Cold Comfort from The Pillowman

James Sherrill as Katurian

The Pillowman by Martin McDonagh is currently playing at the Broken Leg Stage in the Tower District of Fresno.  The production was directed by Heather Parish, who has directed plays for the Woodward Shakespeare Festival, and stars local actors James Sherrill, Jaguar Bennett, Travis Sheridan, and Landon Weiszbrod.  It runs from January 28-29, and February 3-6, 2011, and is presented by Parish’s company, The New Ensemble (http://newensemble.com). 

The story involves a writer, Katurian K. Katurian (played by James Sherrill), who is arrested and questioned by two police officers, Tupolski (Jaguar Bennett) and Ariel (Travis Sheridan), in an unnamed totalitarian state.  Katurian’s stories, many retold in the play, often involve violence against children, and the writer’s brother, Michal (Landon Weiszbrod), is mentally and emotionally stunted as a result of years of torture as a child.  The play is stark, disturbing, and laced with dark comedy.  The Broken Leg Stage’s intimate space seems perfect for such a play, as the floor and walls are painted black, looking like a place of torture in a totalitarian state, and the closeness of audience to performer makes the material seem closer and more immediate.  The minimal set, with just a few folding chairs and a table, adds to the dark atmosphere. 

James Sherrill’s performance is intense and believable, anchoring the play.  His reactions to what happens around him show Katurian’s caring nature, despite the brutal nature of his stories.  Katurian’s story “The Pillowman” is about a seemingly cuddly man made of pillows, whose job it is to convince young children to commit suicide in order to prevent their future suffering from a harsh life.  A pillow, which most associate with sleep and softness, becomes a symbol of death, as a pillow can be used to snuff out a life by holding it over someone’s face.  The Pillowman is a hero, or is he?  Death is an escape from suffering, or is it?  Can suffering lead to positive things in life, or should it be avoided at all costs?  Would Katurian have written all those stories if he and his brother hadn’t suffered to such a high degree?  Great literature asks many questions that are left unanswered.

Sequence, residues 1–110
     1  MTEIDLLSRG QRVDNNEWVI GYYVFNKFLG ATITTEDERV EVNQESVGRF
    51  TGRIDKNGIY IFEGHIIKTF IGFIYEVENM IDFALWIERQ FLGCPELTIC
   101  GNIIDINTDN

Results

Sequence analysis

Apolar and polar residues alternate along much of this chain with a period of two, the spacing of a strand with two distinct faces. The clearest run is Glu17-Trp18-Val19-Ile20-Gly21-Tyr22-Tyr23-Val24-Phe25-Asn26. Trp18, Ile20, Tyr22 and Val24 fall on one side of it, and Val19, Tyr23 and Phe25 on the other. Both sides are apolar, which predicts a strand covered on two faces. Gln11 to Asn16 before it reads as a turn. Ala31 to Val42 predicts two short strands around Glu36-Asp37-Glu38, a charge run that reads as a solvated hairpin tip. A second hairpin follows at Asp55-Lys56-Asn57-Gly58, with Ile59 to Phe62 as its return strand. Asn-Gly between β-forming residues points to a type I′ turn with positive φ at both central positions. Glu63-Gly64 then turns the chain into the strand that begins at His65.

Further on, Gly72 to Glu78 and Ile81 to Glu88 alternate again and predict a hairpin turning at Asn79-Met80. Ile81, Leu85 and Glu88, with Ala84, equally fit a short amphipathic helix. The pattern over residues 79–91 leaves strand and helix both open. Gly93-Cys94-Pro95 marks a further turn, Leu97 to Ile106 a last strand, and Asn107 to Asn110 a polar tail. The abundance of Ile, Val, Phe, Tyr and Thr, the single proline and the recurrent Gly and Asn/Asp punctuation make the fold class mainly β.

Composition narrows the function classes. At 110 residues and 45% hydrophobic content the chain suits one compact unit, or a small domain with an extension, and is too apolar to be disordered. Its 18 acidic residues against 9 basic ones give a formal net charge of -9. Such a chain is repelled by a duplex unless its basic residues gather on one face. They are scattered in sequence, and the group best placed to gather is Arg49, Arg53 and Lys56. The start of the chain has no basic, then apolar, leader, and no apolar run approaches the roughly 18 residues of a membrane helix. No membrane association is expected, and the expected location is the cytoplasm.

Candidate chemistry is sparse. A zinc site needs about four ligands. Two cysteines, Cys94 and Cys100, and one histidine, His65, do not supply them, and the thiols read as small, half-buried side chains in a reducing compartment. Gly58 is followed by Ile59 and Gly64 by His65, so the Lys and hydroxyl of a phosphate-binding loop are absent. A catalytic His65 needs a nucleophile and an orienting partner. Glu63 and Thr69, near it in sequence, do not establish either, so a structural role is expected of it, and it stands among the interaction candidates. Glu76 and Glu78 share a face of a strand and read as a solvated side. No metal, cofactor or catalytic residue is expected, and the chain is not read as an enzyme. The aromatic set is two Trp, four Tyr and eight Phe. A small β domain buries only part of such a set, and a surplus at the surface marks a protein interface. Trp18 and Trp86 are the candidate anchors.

Landon Weiszbrod played Michal as a child-like man who means well but often doesn’t understand the world around him.  Katurian acts as rescuer to his brother, both in the past and in the present, though in very different ways.  The two police officers are often the source of most of the dark comedy, as they toy with Katurian in various ways.  After Ariel physically attacks Katurian, Tupolski informs him that, “I am the good cop, and he is the bad cop.”  They deliberately try to unnerve Katurian by asking for his next of kin, or twisting his own words to use against him. 

My only disappointment from this production was that the dark comedy seemed to be underplayed.  I had read The Pillowman prior to seeing the production, and for me it seemed funnier on the written page.  The timing was not quite right in places, and I wondered if that was a deliberate choice on the part of the director.  I found that the dark comedy added some relief to such an intense play, though when I did laugh, it was sort of an uncomfortable laughter, adding another dimension to the play’s power. 

In total, though, The Pillowman leaves the audience feeling a little shaken, and stirred to philosophical thought on the nature of life, suffering, and art.  It will stay with the audience long after the house lights come on.

This entry was posted in Literary, Theater. Bookmark the permalink.

One Response to Cold Comfort from The Pillowman

  1. Thank you, Don, for your well-considered thoughts on the show. It is great to have bloggers cover the show from their perspective and I encourage you to do more write ups of shows you see around town!

    As ever,
    Heather

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